Researchers discovered two new particles through CERN's Large Hadron Collider.
The particles, dubbed Xi_b'- and Xi_b*, are part of the baryon family, and were previously predicted by the quark model but never actually observed, CERN reported. The findings were made as part of the LHCb experiment.
"Nature was kind and gave us two particles for the price of one," said Matthew Charles of the CNRS's LPNHE laboratory at Paris VI University. "The Xi_b'- is very close in mass to the sum of its decay products: if it had been just a little lighter, we wouldn't have seen it at all using the decay signature that we were looking for."
Like protons, the newly-discovered particles are baryons. These types of particles are composed of three quarks bound together by a strong force. The new X_ib particles both contain one beauty (b), one strange (s), and one down (d) quark, and are more than six times the mass of protons.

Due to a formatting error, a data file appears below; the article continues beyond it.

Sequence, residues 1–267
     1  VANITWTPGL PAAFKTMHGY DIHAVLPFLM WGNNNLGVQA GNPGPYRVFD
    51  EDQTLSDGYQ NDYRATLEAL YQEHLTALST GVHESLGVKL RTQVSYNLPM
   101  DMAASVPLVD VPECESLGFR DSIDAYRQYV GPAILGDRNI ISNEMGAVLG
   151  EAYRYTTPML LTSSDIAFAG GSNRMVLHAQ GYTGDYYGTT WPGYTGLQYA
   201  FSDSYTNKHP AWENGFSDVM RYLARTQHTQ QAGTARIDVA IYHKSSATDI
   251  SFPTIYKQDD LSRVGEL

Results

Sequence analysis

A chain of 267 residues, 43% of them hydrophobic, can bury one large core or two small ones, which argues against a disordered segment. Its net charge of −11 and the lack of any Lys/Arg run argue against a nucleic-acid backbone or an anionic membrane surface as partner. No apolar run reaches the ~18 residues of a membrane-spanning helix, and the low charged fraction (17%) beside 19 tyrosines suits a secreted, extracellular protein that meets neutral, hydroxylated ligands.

"This is a very exciting result. Thanks to LHCb's excellent hadron identification, which is unique among the LHC experiments, we were able to separate a very clean and strong signal from the background," said Steven Blusk from Syracuse University in New York. "It demonstrates once again the sensitivity and how precise the LHCb detector is."
In addition to these particles' mass the researchers also looked at their relative production rates, widths, and levels of instability. Their findings proved to match up with predictions made by the theory of Quantum Chromodynamics (QCD). The theory is part of the Standard Model of particle physics.
"If we want to find new physics beyond the Standard Model, we need first to have a sharp picture," said LHCb's physics coordinator Patrick Koppenburg from Nikhef Institute in Amsterdam. "Such high precision studies will help us to differentiate between Standard Model effects and anything new or unexpected in the future."
The findings were published in a recent edition of the journal Physical Review Letters.